When Does Software Become “Ransomware"?
Many software systems in use in manufacturing today are holding the business to ransom. Well-meaning, mainly internally developed software utilities, have established a critical dependency on themselves. It appears that manufacturing could not work without these systems, yet on the flip-side, the operation also cannot easily progress to the next level of digital manufacturing. What does it take to acknowledge the past value and contribution of these systems, but now be able to break-free and move on to the next generation of digital manufacturing tools?
For three decades, software engineers in manufacturing have been there to offer support, developing in-house utilities, and in some cases, some quite decent systems, that address manufacturing issues and needs. Many in manufacturing say that they cannot do without these utilities and systems, as live operational practices have been built up around the tools. Looking at the majority of internal or commercial options, there always seems to be something that is missing, or carries too much perceived risk and cost, that holds companies back from looking properly into taking digital manufacturing a step forward.
There are options available, of course, to consider. The easiest of all is to do nothing. Legacy manufacturing practices are mainly made up of great people and great machines, what more could you need? Computer software, after a long thirty year growing period as far as manufacturing is concerned, has now “come of age”. Industry 4.0, Smart Factories, Digital Factories, or whatever you want to call them, are pulling the focus of attention from C-level engineering, management and quality executives towards software, so it is time for anyone who has to use or manage software as part of their daily role to get involved, so that decisions made will be inclusive of all aspects of the business.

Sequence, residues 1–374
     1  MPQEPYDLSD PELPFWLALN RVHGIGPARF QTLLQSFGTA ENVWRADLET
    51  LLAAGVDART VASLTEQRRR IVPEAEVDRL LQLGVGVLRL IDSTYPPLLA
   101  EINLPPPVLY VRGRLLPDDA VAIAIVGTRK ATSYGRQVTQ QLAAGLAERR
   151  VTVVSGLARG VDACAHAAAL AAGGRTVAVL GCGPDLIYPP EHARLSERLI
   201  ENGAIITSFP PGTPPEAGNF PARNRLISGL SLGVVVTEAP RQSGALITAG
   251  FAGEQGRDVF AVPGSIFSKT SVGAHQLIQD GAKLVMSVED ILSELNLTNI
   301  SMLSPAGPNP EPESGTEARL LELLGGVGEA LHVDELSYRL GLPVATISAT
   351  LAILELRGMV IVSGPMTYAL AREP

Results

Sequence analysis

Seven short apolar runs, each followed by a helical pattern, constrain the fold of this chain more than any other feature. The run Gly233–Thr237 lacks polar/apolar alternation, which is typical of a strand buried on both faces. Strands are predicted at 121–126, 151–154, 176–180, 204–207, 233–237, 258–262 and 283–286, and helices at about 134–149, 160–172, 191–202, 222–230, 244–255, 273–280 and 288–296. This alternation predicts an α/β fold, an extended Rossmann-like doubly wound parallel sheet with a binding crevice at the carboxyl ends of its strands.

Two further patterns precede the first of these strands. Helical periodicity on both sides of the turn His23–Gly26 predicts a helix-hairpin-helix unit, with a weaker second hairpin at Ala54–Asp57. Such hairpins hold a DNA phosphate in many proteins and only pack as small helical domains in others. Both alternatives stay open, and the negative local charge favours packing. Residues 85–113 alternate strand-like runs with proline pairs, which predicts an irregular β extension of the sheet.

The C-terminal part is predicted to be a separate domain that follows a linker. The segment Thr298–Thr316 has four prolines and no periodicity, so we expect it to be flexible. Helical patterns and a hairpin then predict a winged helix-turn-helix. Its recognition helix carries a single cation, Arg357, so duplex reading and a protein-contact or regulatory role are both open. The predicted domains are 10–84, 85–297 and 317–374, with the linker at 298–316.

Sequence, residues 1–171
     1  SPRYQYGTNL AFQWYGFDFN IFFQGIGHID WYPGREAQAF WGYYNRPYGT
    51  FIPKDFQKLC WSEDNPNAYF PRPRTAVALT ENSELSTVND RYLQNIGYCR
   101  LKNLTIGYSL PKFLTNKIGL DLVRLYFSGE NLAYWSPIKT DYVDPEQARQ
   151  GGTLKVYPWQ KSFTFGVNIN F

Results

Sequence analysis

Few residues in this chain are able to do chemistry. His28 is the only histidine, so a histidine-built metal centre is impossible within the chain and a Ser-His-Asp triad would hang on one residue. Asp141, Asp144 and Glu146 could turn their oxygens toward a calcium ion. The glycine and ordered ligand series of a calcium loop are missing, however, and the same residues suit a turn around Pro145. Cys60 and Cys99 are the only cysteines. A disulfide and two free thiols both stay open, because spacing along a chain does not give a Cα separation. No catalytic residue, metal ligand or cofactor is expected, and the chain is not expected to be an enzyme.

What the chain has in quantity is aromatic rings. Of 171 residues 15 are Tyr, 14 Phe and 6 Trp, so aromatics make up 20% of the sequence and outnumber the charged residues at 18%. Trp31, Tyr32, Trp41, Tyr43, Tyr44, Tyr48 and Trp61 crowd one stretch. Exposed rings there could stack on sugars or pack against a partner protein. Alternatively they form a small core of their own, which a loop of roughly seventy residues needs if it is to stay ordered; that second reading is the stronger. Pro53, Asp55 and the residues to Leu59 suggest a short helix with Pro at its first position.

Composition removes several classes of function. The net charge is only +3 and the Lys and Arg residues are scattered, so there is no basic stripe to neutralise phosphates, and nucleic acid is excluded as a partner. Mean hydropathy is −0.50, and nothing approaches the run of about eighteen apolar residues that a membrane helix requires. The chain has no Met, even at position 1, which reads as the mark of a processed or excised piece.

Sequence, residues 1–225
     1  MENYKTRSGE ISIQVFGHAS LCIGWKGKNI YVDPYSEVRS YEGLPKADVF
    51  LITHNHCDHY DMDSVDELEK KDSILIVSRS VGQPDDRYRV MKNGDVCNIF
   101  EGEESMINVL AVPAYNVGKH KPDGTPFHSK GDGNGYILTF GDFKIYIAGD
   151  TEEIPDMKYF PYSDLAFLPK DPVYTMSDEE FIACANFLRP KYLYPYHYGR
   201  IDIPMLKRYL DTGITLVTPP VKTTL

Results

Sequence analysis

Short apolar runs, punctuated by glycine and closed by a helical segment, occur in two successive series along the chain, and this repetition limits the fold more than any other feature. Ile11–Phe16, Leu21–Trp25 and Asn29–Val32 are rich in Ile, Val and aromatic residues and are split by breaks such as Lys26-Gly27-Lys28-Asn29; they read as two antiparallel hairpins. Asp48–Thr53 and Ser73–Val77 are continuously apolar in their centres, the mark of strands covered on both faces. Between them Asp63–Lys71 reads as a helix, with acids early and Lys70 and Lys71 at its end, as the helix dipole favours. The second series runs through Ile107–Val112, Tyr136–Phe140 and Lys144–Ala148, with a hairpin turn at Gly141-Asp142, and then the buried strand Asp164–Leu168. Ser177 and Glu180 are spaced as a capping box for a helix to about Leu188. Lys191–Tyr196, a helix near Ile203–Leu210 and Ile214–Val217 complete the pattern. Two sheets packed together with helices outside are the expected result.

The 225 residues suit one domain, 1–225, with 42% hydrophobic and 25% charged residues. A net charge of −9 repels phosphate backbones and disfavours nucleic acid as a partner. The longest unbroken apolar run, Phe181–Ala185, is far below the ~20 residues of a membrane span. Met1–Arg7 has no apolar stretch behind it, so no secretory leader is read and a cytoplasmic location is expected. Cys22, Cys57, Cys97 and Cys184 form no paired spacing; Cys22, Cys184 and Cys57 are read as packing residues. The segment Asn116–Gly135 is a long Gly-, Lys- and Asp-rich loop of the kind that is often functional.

The new generation of digital manufacturing software is quite different from the legacy systems that have been in place or on the market for many years. Generic MES software, designed to fill the void between ERP and actual production is really feeling its age, as live machine connectivity and visibility, with potentially gigabytes of data per product produced makes it impossible to move forward. In-house developed systems have become lost islands of automation, specific solutions with a narrow focus, and very limited connection, unchangeable as developers have long moved on. New generation technologies that are available, such as the “MES Digitally Remastered” solution that FactoryLogix from Aegis represents, provides compelling values and benefits, which need to be understood and set into context with other choices.
Going “digital” therefore seems like quite a daunting step to take. Such steps however cannot be ignored, as the industry continues to evolve digitally, creating increasing distance to be caught up. Nowadays, it does not give a good impression to customers to be the factory left behind.
The Aegis whitepaper “DIY Digital MES” is an essential reference for any company that is currently evaluating their position on internal MES and other manufacturing systems. This invaluable guide goes into great detail to help understand the areas of value and risk associated with the decision-making that relates to the various directions one can go with manufacturing software. Please register and get your free download here.